Amid the outcry that has erupted in large protests around the country following the not guilty verdict of George Zimmerman in the fatal shooting of Trayvon Martin, several New Jersey lawmakers called the decision an injustice.
On Saturday, Zimmerman, a neighborhood watchman, was found not guilty by a jury in the fatal shooting last year of Martin, an unarmed, African-American teen in a housing complex in Sanford, Fla. Zimmerman’s lawyers made the case he did act in self-defense and cited the state’s Stand Your Ground Law.
New Jersey pols who have expressed outrage at the decision include Democratic gubernatorial candidate, Sen. Barbara Buono and U.S. Senate candidate Rep. Frank Pallone.
Here is a sample:
Sen. Barbara Buono (D-18) of Metuchen, Democratic gubernatorial candiate
“My thoughts and prayers are with the Martin family during this unimaginably difficult time. Last night’s verdict was an outrageous injustice. No unarmed child should have to worry about being followed, confronted and killed while out buying candy. We cannot accept laws that encourage vigilantism and gun violence in the name of self defense. The time for change is now.”
Rep. Frank Pallone, U.S. Senate candidate
“The not guilty verdict handed down in the murder trial of George Zimmerman marks a heartbreaking chapter in our nation’s criminal justice system. Nothing can take away the profound sadness of Trayvon’s family for having lost their loved one, and my thoughts and prayers go out to them.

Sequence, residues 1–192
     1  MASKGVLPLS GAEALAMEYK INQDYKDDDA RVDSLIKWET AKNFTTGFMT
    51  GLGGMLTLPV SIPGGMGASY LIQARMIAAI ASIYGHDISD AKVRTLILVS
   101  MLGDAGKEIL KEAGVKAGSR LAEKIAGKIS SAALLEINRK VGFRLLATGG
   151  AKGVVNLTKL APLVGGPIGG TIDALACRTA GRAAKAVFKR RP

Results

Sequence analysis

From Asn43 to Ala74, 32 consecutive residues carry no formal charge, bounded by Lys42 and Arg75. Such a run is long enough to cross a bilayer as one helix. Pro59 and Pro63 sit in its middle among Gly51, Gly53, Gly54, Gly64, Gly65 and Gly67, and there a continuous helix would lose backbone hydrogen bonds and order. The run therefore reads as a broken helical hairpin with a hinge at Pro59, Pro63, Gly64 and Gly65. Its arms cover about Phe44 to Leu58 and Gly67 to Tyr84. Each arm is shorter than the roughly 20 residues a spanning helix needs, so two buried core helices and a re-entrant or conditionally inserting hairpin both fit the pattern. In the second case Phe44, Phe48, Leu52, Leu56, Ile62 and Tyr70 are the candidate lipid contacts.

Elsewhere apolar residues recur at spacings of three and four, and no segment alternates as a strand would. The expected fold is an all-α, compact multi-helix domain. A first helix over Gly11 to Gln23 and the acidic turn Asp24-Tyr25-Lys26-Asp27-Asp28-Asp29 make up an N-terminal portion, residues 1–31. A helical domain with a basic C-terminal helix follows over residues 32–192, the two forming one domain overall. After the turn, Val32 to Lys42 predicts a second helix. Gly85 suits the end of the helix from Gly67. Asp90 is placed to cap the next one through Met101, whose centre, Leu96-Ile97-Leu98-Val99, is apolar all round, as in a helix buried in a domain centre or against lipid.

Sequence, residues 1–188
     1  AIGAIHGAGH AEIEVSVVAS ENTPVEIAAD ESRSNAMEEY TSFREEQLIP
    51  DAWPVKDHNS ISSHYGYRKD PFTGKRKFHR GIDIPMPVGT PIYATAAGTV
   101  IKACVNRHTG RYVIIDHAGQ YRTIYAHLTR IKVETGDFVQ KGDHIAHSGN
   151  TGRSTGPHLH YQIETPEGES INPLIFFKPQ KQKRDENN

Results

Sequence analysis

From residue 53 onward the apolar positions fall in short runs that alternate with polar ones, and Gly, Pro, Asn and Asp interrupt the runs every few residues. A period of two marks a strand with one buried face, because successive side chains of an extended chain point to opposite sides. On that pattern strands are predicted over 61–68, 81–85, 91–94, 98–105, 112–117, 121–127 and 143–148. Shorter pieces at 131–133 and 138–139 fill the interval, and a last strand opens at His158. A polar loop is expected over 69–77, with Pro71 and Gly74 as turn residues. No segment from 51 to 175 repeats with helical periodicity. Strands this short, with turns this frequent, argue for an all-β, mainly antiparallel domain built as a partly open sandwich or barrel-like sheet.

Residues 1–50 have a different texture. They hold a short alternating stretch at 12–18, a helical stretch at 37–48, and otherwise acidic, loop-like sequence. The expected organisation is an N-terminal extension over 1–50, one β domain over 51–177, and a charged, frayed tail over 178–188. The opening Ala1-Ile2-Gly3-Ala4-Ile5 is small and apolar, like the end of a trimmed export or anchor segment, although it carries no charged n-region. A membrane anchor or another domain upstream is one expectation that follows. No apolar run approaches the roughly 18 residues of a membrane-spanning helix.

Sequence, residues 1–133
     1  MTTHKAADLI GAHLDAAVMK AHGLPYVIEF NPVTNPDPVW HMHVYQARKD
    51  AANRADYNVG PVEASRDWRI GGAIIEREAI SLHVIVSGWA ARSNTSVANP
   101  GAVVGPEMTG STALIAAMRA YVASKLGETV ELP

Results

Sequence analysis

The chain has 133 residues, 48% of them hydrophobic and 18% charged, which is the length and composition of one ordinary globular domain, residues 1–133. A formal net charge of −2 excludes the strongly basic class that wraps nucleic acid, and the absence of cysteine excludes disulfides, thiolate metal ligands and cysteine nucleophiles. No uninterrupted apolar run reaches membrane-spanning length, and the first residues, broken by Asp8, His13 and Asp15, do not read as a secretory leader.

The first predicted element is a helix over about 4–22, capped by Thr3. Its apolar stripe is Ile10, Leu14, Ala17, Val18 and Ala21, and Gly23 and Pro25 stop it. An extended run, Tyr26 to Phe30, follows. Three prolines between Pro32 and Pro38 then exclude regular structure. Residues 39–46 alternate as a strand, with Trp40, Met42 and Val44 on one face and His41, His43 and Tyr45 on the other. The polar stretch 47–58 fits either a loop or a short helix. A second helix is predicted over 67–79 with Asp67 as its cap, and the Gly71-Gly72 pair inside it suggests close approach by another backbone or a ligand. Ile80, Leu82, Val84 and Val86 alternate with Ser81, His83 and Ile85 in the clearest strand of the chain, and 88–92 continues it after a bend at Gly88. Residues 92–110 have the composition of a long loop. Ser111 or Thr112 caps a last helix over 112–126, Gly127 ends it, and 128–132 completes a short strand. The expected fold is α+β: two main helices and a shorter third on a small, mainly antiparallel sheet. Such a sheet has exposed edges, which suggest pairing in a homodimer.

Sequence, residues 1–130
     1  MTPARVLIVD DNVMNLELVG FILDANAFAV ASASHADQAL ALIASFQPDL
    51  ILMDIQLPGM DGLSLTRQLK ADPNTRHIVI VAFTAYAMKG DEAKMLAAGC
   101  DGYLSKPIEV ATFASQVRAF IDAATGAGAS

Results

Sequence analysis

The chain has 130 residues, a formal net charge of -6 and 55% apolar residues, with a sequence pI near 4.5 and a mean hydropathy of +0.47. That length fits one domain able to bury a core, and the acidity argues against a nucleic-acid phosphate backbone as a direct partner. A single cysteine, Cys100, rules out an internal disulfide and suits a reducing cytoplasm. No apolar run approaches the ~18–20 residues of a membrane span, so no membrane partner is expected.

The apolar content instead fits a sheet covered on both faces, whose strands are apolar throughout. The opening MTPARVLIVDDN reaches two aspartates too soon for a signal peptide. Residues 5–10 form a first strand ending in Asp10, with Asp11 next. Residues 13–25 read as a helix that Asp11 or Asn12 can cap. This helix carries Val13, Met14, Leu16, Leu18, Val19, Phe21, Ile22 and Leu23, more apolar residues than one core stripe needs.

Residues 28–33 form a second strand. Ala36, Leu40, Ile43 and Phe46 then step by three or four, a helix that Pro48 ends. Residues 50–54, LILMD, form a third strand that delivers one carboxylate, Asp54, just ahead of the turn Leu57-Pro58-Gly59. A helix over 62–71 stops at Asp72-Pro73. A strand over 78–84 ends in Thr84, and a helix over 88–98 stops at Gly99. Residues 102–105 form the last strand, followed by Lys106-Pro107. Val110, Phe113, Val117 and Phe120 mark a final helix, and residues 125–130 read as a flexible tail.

“The death of Trayvon Martin and the resulting not guilty verdict of George Zimmerman underscores the troubling reality in our society that gun violence continues to threaten our families and communities. Far too many lives have been destroyed by gun violence and Trayvon’s death is yet another example of the fact that we need a change in the way our culture deals with both guns and race.
“The simple facts are that there are too many guns on our streets and too many people are too quick to use them. It is long past time for Congress to take action on gun violence. We need to adopt common sense measures that would reduce the proliferation of guns in communities throughout the nation.
“This incident also raises questions about another disturbing reality in American culture—racial profiling. The presence of a gun in a confrontation that began with the racial profiling of Trayvon Martin created a recipe for disaster that fateful night. Trayvon’s death and the ensuing trial have made it clear that we need to have a national conversation on race and civility. In fact, we need to do more than talk about race, we need to work to promote greater sensitivity, and respect for all Americans of all backgrounds.”
Assemblywoman Bonnie Watson Coleman (D-15) of Ewing:
“The verdict is difficult to comprehend since minimally, had George Zimmerman followed the principles of a neighborhood watch, stayed in his car and sought law enforcement assistance, no murder trial would have been necessary and Trayvon Martin would still be alive.
“It’s sad and scary to me that someone’s appearance and dress alone are reasons to assume the negative about another human being.
“This verdict is confounding. It’s impossible to forget that Zimmerman got out of his car and had a weapon on him. Are we saying it’s OK to follow and then shoot an innocent person on the street? That should never be acceptable in America.
“Society only functions in a healthy manner if everyone participates lawfully and fully with respect for others, but this verdict is a stunning failure of justice.”